Our investment professionals share and challenge each other’s views, creating a diverse marketplace of ideas for the Wellington Blog.
In our last blog post in March, we recommended a slightly defensive risk posture for high-yield investors, with a focus on individual security selection. In our view, today’s high-yield bond market requires a carefully balanced approach. We remain selective with a modestly defensive risk tilt given rich valuations, while recognizing that low spreads may last longer thanks to ongoing monetary and fiscal support. We will watch for signs of central banks tightening or deteriorating liquidity before turning more defensive.
For fixed income investors, varying the amount of credit risk in your portfolio can exert a major influence on the portfolio’s realized alpha. Indeed, historical data shows that this single factor can have a larger impact than decisions around what bond sectors or individual issuers to invest in. Accordingly, it’s worth spending some time thinking about precisely how much credit risk to take and when. My latest research in this area focuses on the role that valuation can play in adjusting credit risk over an economic cycle.
I looked at the strategic timing of buying and selling credit exposure (in the form of corporate bonds, using cash or US Treasuries as a funding source) with low turnover, and using market valuation as the sole buy/sell signal. There are, of course, other predictive drivers of credit returns, such as…
With global high-yield spreads still quite tight as of this writing, we continue to suggest that investors pursue a slightly defensive risk posture and focus on individual security selection. At the same time, investors should maintain flexibility to position nimbly and opportunistically in response to changing market conditions — because we expect greater frequency of short-term market sell-offs going forward.
In my August 2020 blog post, I highlighted a potentially compelling return opportunity in the often-scorned universe of “fallen angels” — formerly investment-grade-rated corporate bonds whose ratings have been downgraded to high-yield (i.e., below-investment-grade) status by major credit rating agencies. I noted that, within two years of being thus downgraded, fallen angels as a group have handily outperformed the broader US high-yield index (and all three of its quality subgroups) over the long term.
Fast forward to early 2021: What I call the “fallen-angel effect” appears to have lost none of its luster. And notably, my latest research revealed that it’s not limited to just…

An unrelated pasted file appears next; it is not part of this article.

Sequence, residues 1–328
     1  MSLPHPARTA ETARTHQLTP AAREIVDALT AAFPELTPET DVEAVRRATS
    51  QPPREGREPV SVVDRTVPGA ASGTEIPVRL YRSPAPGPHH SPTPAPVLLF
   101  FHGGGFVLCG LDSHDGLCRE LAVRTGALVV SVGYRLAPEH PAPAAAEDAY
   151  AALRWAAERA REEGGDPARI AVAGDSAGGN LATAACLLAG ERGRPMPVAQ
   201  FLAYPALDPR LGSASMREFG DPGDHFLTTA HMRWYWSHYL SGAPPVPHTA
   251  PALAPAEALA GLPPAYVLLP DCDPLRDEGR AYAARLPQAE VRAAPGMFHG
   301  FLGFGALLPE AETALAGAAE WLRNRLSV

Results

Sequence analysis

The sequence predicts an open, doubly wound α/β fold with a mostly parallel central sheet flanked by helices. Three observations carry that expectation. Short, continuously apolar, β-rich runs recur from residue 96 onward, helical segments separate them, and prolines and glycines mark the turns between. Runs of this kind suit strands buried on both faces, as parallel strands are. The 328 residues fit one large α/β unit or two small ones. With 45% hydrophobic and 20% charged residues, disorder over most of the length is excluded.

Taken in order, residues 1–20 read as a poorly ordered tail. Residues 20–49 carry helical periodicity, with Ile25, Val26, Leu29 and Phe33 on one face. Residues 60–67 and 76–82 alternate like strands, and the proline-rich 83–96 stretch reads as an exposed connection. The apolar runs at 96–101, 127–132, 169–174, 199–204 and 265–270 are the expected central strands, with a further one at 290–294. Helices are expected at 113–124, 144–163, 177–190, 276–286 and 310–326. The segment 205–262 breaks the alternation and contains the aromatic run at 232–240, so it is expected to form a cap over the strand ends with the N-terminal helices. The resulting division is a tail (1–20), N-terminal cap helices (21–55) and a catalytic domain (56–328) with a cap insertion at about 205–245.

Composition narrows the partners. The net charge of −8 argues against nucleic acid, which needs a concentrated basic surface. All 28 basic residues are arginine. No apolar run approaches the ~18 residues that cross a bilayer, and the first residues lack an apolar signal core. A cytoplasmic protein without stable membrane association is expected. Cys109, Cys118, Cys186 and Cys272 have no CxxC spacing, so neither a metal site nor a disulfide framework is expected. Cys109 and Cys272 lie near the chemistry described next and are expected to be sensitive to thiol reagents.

Near term, our view on the high-yield market remains that a neutral-to-slightly cautious risk posture, with a heavy focus on security selection, is warranted amid spiking COVID numbers, the US political transition, the waning effects of government stimulus, and credit spreads having tightened from earlier this year. Longer term, however, our outlook is more positive as we see plenty of reasons to be optimistic as we look out nine to 12 months from now.
Factor investing – tilting a portfolio toward securities that have certain attributes (e.g., attractive value, quality, momentum, etc.) – has become widely accepted and practiced in the world of equities. Within fixed income, it is in a more nascent stage.
However, we believe that applying a factor-based investing framework can lead to valuable insights into what is driving performance in different sectors of the bond market. Even more important, it may allow investors to better position their portfolios to take advantage of…
The term “fallen angels” has always carried a somewhat pejorative connotation among fixed income investors. In some instances, that may well be justified, but not always. Indeed, particularly in today’s environment, I believe discerning investors may be able to uncover attractive value in the often-scorned universe of fallen angels.
European, global, and US high-yield indices declined around 20% from the start of the year through the peak in spreads on March 23. However, extraordinary global monetary and fiscal stimulus measures in response to the COVID-19 crisis have since helped high-yield markets recoup a sizeable portion of those losses. Members of Wellington’s High Yield Strategy Group met recently to discuss their market outlook, including perceived risks and opportunities, in the wake of this extreme volatility.
While the worst of the economic shock is likely behind us, the question now surrounds the trajectory and timing of a recovery. Our base case is for a two-stage recovery that begins with a strong rebound from pent-up consumer demand as lockdown measures are eased, followed by a drawn-out recession.
Purchasing managers’ indices (PMIs) — economic indicators derived from surveys of private companies — remain depressed across nearly all geographies. However, we believe…
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